CIVIL PROCEDURE: Recovery of Costs in Federal Court by Prevailing Party

Tuesday, February 26, 2013
The author of this is article is Paul Ferrer, a legal research attorney with National Legal Research Group in Charlottesville, Virginia.

Parties who secure a favorable judgment in federal court may be happy with the outcome but should not forgo seeking their recoverable costs as well.  The Federal Rules of Civil Procedure specifically provide that "[u]nless a federal statute, these rules, or a court order provides otherwise, costs—other than attorney's fees—should be allowed to the prevailing party."  Fed. R. Civ. P. 54(d)(1).  The threshold question for any court prior to awarding costs under Rule 54(d) involves a determination of who the "prevailing party" is in the lawsuit.  In general, a party prevails for purposes of Rule 54(d) when a final judgment awards it "substantial relief."  Smart v. Local 702 Int'l Bhd. of Elec. Workers, 573 F.3d 523, 525 (7th Cir. 2009).  A party that gets substantial relief prevails "even if it doesn't win on every claim."  Slane v. Mariah Boats, Inc., 164 F.3d 1065, 1068 (7th Cir.), cert. denied, 527 U.S. 1005 (1999).

In Sommerfield v. City of Chicago, No. 06 C 3132, 2012 WL 5381255, at *2 (N.D. Ill. Oct. 31, 2012), for example, the plaintiff was determined to be the prevailing party because the jury had returned a verdict in his favor on two counts, awarding him $30,000, even though the jury had found against him on a third count and two other counts had been dismissed at the summary judgment stage.  Sommerfield also exemplifies the concept that "a determination of who is the prevailing party for purposes of awarding costs should not depend on the position of the parties at each stage of the litigation but should be made when the controversy is finally decided."  Repub. Tobacco Co. v. N. Atl. Trading Co., 481 F.3d 442, 446 (7th Cir. 2007) (quoting 10 Charles A. Wright et al., Federal Practice and Procedure § 2667 (3d ed. 2006)); see also Smart, 573 F.3d at 525 (a "final judgment" awarding substantial relief is "one that resolves all claims against all parties").  In Republic Tobacco, the court held that a party that had succeeded on a posttrial motion in having damages awarded against it reduced from $18.6 million to $7.44 million was not a prevailing party that could recover its costs in the district court under Rule 54(d).  481 F.3d at 446-47.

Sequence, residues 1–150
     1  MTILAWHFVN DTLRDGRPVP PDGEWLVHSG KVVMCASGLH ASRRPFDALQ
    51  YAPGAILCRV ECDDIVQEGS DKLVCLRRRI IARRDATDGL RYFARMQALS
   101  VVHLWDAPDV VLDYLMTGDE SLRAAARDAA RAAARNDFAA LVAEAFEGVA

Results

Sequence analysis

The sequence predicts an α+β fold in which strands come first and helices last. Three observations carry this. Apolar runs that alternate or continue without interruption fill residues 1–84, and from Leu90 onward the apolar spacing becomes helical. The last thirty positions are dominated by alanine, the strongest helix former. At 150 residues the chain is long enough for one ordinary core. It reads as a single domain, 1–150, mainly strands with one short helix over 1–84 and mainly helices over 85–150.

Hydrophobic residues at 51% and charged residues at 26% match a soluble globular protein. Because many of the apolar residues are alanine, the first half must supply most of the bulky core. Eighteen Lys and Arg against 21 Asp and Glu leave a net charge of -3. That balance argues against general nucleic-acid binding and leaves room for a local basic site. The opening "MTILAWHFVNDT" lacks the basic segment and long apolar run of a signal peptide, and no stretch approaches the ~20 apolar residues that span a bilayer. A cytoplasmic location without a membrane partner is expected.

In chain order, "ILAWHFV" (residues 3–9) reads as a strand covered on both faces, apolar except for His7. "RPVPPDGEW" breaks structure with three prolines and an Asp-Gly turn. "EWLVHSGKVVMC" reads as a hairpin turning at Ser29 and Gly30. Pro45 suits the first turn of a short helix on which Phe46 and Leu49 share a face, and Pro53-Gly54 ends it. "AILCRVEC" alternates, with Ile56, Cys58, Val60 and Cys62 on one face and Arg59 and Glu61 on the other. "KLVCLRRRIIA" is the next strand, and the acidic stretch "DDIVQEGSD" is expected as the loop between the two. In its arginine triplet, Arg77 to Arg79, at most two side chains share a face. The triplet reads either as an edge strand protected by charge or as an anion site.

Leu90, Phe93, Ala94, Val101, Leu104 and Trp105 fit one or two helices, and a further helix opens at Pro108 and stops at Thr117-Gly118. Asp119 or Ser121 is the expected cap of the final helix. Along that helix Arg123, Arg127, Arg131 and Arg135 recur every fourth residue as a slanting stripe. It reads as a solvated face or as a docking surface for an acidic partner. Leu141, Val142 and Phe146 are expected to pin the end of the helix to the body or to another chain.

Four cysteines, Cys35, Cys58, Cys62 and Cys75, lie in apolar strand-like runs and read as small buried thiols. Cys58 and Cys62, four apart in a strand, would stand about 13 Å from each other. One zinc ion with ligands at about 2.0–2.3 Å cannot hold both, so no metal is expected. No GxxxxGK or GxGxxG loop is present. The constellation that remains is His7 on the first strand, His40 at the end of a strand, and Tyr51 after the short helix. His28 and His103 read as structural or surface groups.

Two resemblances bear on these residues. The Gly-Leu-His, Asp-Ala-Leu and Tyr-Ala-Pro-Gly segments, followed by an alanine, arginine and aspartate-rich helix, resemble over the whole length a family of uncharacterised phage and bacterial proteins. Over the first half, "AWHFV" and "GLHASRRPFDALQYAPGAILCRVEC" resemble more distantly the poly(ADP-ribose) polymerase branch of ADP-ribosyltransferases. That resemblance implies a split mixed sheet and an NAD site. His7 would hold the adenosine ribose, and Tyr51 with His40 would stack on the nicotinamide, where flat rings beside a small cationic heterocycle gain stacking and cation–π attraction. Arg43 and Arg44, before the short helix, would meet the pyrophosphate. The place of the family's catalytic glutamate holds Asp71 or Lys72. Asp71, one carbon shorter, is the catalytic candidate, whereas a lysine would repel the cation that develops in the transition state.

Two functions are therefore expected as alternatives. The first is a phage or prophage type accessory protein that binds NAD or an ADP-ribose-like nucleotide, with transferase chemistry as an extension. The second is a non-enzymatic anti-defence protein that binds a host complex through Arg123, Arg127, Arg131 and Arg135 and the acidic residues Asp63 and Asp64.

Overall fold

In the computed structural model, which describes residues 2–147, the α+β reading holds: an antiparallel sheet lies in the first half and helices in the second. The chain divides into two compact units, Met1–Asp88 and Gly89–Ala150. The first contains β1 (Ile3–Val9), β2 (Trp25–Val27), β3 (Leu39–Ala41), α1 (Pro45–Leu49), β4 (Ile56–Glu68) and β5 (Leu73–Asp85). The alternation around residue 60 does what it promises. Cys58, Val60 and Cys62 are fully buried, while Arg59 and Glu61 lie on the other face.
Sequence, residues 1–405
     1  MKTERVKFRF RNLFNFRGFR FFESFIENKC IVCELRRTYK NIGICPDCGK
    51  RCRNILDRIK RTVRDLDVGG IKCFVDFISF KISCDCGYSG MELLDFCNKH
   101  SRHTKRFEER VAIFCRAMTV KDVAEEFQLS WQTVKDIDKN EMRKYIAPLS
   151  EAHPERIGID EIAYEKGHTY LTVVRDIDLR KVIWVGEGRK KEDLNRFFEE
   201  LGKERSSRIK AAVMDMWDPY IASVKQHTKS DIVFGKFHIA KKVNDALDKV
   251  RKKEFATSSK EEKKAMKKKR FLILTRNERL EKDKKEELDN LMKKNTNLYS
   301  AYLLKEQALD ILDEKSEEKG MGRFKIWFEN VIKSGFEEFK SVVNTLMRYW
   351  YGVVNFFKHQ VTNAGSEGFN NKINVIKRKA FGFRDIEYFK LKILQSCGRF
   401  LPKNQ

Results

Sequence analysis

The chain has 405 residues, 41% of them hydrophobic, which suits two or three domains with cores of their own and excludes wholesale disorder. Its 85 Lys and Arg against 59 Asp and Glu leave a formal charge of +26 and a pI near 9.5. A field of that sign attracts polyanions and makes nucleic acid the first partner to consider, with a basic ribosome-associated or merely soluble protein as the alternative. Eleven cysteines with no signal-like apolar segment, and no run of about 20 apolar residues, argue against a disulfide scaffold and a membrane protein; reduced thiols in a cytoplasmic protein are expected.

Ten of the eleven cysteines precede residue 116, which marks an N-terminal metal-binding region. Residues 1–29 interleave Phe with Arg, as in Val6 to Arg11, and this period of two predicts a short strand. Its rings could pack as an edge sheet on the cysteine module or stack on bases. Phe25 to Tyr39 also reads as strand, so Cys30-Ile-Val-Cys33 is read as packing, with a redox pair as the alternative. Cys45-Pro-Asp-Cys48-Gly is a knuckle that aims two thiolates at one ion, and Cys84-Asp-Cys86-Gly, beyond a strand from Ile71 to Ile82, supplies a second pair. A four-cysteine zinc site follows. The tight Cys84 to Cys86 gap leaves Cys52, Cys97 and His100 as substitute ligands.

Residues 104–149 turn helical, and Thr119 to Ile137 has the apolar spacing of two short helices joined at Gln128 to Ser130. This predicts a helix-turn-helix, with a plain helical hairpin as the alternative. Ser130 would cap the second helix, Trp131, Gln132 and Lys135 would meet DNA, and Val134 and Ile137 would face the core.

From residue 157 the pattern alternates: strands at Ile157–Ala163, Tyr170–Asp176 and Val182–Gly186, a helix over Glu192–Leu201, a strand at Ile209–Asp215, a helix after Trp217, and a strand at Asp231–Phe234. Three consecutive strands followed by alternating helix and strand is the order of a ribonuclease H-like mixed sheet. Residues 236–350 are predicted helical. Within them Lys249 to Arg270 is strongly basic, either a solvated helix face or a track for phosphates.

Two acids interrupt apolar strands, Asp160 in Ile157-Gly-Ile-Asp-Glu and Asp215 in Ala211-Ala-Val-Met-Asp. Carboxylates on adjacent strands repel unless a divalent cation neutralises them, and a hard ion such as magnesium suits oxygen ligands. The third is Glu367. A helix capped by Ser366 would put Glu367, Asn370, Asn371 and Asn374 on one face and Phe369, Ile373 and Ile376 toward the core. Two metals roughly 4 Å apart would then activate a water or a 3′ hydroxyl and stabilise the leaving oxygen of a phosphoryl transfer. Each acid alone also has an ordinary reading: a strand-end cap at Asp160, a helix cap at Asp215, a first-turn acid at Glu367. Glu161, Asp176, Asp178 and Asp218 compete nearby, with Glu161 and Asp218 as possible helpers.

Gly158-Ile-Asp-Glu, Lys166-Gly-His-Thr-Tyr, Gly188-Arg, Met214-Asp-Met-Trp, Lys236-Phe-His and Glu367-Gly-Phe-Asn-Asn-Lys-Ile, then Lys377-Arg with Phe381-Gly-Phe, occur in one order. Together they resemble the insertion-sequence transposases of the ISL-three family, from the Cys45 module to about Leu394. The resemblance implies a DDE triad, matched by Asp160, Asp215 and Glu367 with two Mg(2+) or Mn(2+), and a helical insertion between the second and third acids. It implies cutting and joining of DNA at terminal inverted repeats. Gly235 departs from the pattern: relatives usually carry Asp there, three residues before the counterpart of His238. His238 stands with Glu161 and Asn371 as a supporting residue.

With regard to the nuts and bolts of recovering costs under Rule 54(d), the district court is generally vested with wide discretion to determine "whether and to what extent costs may be awarded to the prevailing party."  Sommerfield, 2012 WL 5381255, at *1.  But a district court may not tax costs under Rule 54(d) unless a federal statute authorizes an award of those costs.  See Crawford Fitting Co. v. J.T. Gibbons, Inc., 482 U.S. 437 (1987); Repub. Tobacco, 481 F.3d at 447.  Title 28 U.S.C. § 1920 specifically provides that costs may be taxed for (1) fees of the clerk and marshal; (2) fees for printed or electronically recorded transcripts; (3) fees and disbursements for printing and witnesses; (4) fees for exemplification and the costs of making copies; (5) docket fees; and (6) compensation of court-appointed experts and interpreters.  Section 1920 requires that for costs to be awarded, "[a] bill of costs shall be filed in the case and, upon allowance, included in the judgment or decree."  28 U.S.C. § 1920.  The district court must review a prevailing party's proposed bill of costs in "scrupulous detail," and the claimed expenses must be "reasonable, both in amount and necessity to the litigation."  Sommerfield, 2012 WL 5381255, at *1 (internal quotation marks omitted).  While the prevailing party has the burden of demonstrating the amount of its recoverable costs, the losing party bears the burden of showing that the claimed costs are not appropriate.  Sommerfield provides a good recent example of the types of costs that may be recovered and the level of detail that should be included in a prevailing party's proposed bill of costs to document the claimed amounts.  See id. at *3-5 (listing claimed costs and refusing to award costs for certain items for which the plaintiff had failed to provide the court with an invoice or other supporting evidence).

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About the Author: The author of this is article is Paul Ferrer, a legal research attorney with National Legal Research Group in Charlottesville, Virginia. This case summary originally appeared on The Lawletter Blog.
Tag Words: Civil procedure, recovery of costs, prevailing party, Federal court, Federal Rules of Civil Procedure, lawsuit, litigation, attorney's fees, awarding costs, recovering costs, claimed costs, claimed amounts, bill of costs, Lawletter, National Legal Research Group, Florida health attorney, Florida health lawyer, attorney, Board Certified attorney, Board Certified lawyer, Florida Bar, Health Law

This article was originally published in The Lawletter Vol 37, No. 10.


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